baclofen, Lioresal, Kemstro (discontinued)

Pharmacy Author:
Medical and Pharmacy Editor:

GENERIC NAME: baclofen

BRAND NAME: Lioresal, Kemstro (discontinued)

DRUG CLASS AND MECHANISM: Baclofen is an oral and injectable medication that relaxes skeletal muscles, the muscles that move the skeleton (and also called striated muscle). Chemically, baclofen is related to gamma-aminobutyric acid (GABA), a naturally-occurring neurotransmitter in the brain. Neurotransmitters are chemicals that nerves use to communicate with one another. GABA released by some nerves causes the activity of other nerves to decrease. It is believed that baclofen, acting like GABA, blocks the activity of nerves within the part of the brain that controls the contraction and relaxation of skeletal muscle. Baclofen was approved by the FDA in November 1977.

PRESCRIPTION: Yes

GENERIC AVAILABLE: Yes

PREPARATIONS: Tablets: 10 and 20 mg. Intrathecal: 0.05 mg/ml, 0.5 mg/ml, 2 mg/ml

STORAGE: Baclofen should be stored between 15 C (59 F) and 30 C (86 F).

PRESCRIBED FOR: Baclofen is used for treating spasm of skeletal muscles, muscle clonus, rigidity, and pain caused by disorders such as multiple sclerosis. It is also injected into the spinal cord (intrathecal) for management of severe spasticity.

DOSING: The usual starting dose of oral baclofen for adults is 5 mg given three times daily. Based on the response, the dose can be increased by 15 mg every three days to a maximum of 80 mg/day in divided doses.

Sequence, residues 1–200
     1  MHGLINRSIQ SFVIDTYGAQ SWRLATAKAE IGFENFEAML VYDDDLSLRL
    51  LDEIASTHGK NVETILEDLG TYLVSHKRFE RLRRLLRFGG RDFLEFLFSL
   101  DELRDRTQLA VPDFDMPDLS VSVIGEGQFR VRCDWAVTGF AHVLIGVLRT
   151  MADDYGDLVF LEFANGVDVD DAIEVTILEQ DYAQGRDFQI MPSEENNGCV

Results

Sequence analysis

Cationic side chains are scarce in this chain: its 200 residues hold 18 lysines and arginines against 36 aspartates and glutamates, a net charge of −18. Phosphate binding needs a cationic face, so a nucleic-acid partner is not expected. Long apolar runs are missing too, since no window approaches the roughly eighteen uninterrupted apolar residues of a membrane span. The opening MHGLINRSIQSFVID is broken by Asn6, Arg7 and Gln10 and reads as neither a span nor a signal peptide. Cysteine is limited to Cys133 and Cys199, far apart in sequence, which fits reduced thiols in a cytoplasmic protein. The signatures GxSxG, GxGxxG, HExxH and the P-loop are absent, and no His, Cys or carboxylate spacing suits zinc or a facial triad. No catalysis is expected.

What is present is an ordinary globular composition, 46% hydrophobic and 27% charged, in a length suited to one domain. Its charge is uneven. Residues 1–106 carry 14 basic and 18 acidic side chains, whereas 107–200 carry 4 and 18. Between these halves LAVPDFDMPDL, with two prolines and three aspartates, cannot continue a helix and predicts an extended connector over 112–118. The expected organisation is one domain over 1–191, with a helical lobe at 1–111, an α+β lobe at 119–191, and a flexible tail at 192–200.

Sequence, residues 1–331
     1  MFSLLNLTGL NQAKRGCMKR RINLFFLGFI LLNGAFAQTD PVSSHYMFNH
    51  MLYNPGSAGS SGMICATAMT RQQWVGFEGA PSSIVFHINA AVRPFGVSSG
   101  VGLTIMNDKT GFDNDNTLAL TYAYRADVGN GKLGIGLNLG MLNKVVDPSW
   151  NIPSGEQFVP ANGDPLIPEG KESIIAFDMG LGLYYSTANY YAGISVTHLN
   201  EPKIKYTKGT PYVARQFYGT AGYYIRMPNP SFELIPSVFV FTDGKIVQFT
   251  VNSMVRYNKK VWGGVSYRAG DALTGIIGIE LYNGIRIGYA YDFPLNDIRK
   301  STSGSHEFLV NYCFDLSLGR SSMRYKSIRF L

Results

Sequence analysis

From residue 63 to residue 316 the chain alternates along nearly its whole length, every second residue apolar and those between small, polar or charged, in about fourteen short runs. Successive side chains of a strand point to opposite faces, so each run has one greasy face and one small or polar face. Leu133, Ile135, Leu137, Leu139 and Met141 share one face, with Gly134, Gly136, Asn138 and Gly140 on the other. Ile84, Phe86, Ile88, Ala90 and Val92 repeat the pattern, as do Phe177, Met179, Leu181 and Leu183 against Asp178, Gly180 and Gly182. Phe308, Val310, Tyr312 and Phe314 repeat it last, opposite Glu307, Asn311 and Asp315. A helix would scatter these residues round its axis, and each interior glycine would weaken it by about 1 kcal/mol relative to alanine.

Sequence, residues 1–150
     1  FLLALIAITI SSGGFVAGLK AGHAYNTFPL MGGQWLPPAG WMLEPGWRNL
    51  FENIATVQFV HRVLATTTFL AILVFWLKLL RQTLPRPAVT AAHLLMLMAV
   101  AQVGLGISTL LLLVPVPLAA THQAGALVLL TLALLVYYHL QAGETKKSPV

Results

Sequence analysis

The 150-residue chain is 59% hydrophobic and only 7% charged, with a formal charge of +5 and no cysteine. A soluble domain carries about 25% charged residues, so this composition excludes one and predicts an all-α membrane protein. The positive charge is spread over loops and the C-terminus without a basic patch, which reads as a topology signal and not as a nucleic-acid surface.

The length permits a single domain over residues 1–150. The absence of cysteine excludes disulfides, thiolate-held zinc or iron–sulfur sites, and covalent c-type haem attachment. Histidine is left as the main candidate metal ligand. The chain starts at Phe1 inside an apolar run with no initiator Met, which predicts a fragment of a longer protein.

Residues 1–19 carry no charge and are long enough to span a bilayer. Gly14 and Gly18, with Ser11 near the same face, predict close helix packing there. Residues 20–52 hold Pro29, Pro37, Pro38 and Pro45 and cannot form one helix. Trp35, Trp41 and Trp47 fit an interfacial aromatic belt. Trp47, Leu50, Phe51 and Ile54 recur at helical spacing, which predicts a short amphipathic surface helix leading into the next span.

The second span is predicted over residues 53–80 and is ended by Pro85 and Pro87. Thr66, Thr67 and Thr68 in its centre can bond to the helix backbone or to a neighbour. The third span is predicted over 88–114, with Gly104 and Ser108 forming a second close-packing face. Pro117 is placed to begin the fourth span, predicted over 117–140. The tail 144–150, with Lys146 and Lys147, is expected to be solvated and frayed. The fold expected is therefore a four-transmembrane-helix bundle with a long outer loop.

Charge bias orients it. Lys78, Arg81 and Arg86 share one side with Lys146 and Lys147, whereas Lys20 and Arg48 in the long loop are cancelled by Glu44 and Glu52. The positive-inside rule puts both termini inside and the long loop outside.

DRUG INTERACTIONS: Use of baclofen with other drugs that also depress the function of nerves may lead to additional reduction in brain function.

In addition to the risk of depressing brain function, the use of baclofen and tricyclic antidepressants (for example, amitriptyline [Elavil, Endep], doxepin [Sinequan, Adapin]) together may cause muscle weakness.

Use of baclofen and monoamine oxidase inhibitors (for example, phenelzine [Nardil], tranylcypromine or [Parnate]) can result in greater depression of brain function as well as low blood pressure.

Because baclofen can increase blood sugar, doses of antidiabetic drugs may need to be adjusted when baclofen is begun.

PREGNANCY: The use of baclofen by pregnant women has not been evaluated.

NURSING MOTHERS: Baclofen can be detected in the breast milk of mothers taking oral baclofen. No information is available on the presence of baclofen in the breast milk of mothers receiving baclofen intrathecally.

SIDE EFFECTS: Baclofen may cause drowsiness, weakness, dizziness, headache, seizures, nausea, vomiting, low blood pressure, constipation, confusion, respiratory depression, inability to sleep, and increased urinary frequency or urinary retention.

Abrupt discontinuation of oral baclofen may cause seizures and hallucinations. Abrupt discontinuation of intrathecal baclofen may result in high fever, rebound spasticity, muscle rigidity, and rhabdomyolysis (muscle breakdown) that can progress to failure of several organs, including the kidney, and even death.

Reference:

FDA Prescribing Information

AHFS Drug Information for baclofen


Last Editorial Review: 7/12/2010




Report Problems to the Food and Drug Administration

You are encouraged to report negative side effects of prescription drugs to the FDA. Visit the FDA MedWatch website or call 1-800-FDA-1088.

Pill Finder Tool

Need help identifying pills and medications?
Use the pill identifier tool on RxList.


Back to Medications Index

STAY INFORMED

Get the Latest health and medical information delivered direct to your inbox!